Georges Cuvier


Georges Cuvier : biography

23 August 1769 – 13 May 1832

Cuvier also collaborated on the Dictionnaire des sciences naturelles (61 volumes, 1816–1845) and on the Biographie universelle (45 volumes, 1843-18??)

Scientific ideas and their impact

Opposition to evolution

He repeatedly emphasized that his extensive experience with fossil material indicated that one fossil form does not, as a rule, gradually change into a succeeding, distinct fossil form (see below). It is because of this fact and his understanding of animal anatomy and physiology, that Cuvier strongly objected to any notion of evolution. According to the University of California Museum of Paleontology (UCMP), "Cuvier did not believe in organic evolution, for any change in an organism’s anatomy would have rendered it unable to survive. He studied the mummified cats and ibises that Geoffroy had brought back from Napoleon’s invasion of Egypt, and showed that they were no different from their living counterparts; Cuvier used this to support his claim that life forms did not evolve over time."

He also observed that Napoleon’s expedition to Egypt had retrieved animals mummified thousands of years previously that seemed no different from their modern counterparts. "Certainly", Cuvier wrote, "one cannot detect any greater difference between these creatures and those we see, than between the human mummies and the skeletons of present-day men." Lamarck dismissed this conclusion, arguing that evolution happened much too slowly to be observed over just a few thousand years. Cuvier, however, in turn criticized how Lamarck and other naturalists conveniently introduced hundreds of thousands of years "with a stroke of a pen" to uphold their theory. Instead, he argued that one can judge what a long time would produce only by multiplying what a lesser time produces. Since a lesser time produced no organic changes, neither, probably, would a much longer time.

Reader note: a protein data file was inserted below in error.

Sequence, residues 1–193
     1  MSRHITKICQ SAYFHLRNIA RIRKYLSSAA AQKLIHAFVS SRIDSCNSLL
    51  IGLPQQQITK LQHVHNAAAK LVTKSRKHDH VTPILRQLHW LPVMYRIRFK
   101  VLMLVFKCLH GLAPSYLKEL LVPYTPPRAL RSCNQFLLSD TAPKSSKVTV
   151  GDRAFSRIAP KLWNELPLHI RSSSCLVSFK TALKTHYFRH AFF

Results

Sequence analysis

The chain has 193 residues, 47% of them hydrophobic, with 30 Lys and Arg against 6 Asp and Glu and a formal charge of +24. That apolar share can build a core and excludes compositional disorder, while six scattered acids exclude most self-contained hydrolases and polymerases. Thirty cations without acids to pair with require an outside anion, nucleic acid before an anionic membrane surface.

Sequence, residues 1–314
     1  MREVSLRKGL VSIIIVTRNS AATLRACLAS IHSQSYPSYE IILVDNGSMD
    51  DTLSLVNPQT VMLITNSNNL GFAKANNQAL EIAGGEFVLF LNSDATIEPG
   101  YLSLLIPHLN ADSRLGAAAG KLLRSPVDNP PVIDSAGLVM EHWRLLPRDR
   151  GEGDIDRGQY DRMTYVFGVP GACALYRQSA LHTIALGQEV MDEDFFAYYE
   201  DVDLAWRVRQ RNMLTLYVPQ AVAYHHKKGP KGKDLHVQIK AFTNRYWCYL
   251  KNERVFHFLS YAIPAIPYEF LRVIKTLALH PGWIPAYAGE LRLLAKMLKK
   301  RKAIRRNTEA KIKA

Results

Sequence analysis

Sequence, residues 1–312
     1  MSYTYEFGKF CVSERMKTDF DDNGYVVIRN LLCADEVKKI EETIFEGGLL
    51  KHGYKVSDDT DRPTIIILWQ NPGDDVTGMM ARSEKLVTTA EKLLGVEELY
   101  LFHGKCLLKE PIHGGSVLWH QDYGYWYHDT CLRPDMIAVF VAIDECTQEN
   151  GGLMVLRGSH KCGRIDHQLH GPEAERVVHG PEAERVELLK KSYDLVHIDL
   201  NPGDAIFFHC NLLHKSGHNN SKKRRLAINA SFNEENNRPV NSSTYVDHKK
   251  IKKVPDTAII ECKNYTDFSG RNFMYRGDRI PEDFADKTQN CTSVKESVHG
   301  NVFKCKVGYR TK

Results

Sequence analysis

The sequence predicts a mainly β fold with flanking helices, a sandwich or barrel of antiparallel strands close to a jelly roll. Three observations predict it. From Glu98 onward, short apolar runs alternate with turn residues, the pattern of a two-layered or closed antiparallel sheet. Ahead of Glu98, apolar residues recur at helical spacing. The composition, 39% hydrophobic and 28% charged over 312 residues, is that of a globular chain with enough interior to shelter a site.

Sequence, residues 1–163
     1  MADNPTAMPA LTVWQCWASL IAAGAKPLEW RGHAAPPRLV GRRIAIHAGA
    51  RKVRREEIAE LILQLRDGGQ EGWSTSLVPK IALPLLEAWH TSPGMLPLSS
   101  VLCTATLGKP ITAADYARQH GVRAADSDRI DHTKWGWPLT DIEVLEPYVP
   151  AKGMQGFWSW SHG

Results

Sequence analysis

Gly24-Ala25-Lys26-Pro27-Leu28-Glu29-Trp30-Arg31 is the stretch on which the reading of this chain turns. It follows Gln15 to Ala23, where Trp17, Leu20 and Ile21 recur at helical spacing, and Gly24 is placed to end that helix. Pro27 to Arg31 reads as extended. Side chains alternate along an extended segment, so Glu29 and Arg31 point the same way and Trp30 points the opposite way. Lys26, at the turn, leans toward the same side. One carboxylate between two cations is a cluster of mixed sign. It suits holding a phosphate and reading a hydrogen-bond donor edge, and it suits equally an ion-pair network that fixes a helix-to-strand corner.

Cuvier was critical of the evolutionary theories proposed by his contemporaries Lamarck and Geoffroy Saint-Hilaire, which involved the gradual transmutation of one form into another. He repeatedly emphasized that his extensive experience with fossil material indicated that one fossil form does not, as a rule, gradually change into a succeeding, distinct fossil form. Instead, he said, the typical form makes an abrupt appearance in the fossil record, and persists unchanged to the time of its extinction. Cuvier attempted to explain this paleontological phenomenon (which would be readdressed more than a century later by "punctuated equilibrium") and harmonize it with the Bible, attributing the different time periods as intervals between major catastrophes, the last of which is found in Genesis. He was skeptical of the gradual mechanisms of change that Lamarck and Geoffroy Saint-Hilaire proposed. Moreover, his commitment to the Principle of the correlation of parts caused him to doubt that any mechanism could ever gradually modify any part of an animal in isolation from all the other parts (in the way Lamarck proposed), without rendering the animal unable to survive. In his Éloge de M. de Lamarck (Praise for M. de Lamarck), Cuvier noted that Lamarck’s theory of evolution

"rested on two arbitrary suppositions; the one, that it is the seminal vapor which organizes the embryo; the other, that efforts and desires may engender organs. A system established on such foundations may amuse the imagination of a poet; a metaphysician may derive from it an entirely new series of systems; but it cannot for a moment bear the examination of anyone who has dissected a hand, a viscus, or even a feather."

Cuvier’s claim that new fossil forms appear abruptly in the geological record and then continue without alteration in overlying strata was used by later thinkers to support creationism. The abruptness seemed consistent with special creation by God (although Cuvier’s finding that different types made their paleontological debuts in different geological strata clearly did not). The lack of change was consistent with the supposed sacred immutability of "species", but, again, the idea of extinction, of which Cuvier was the great proponent, obviously was not.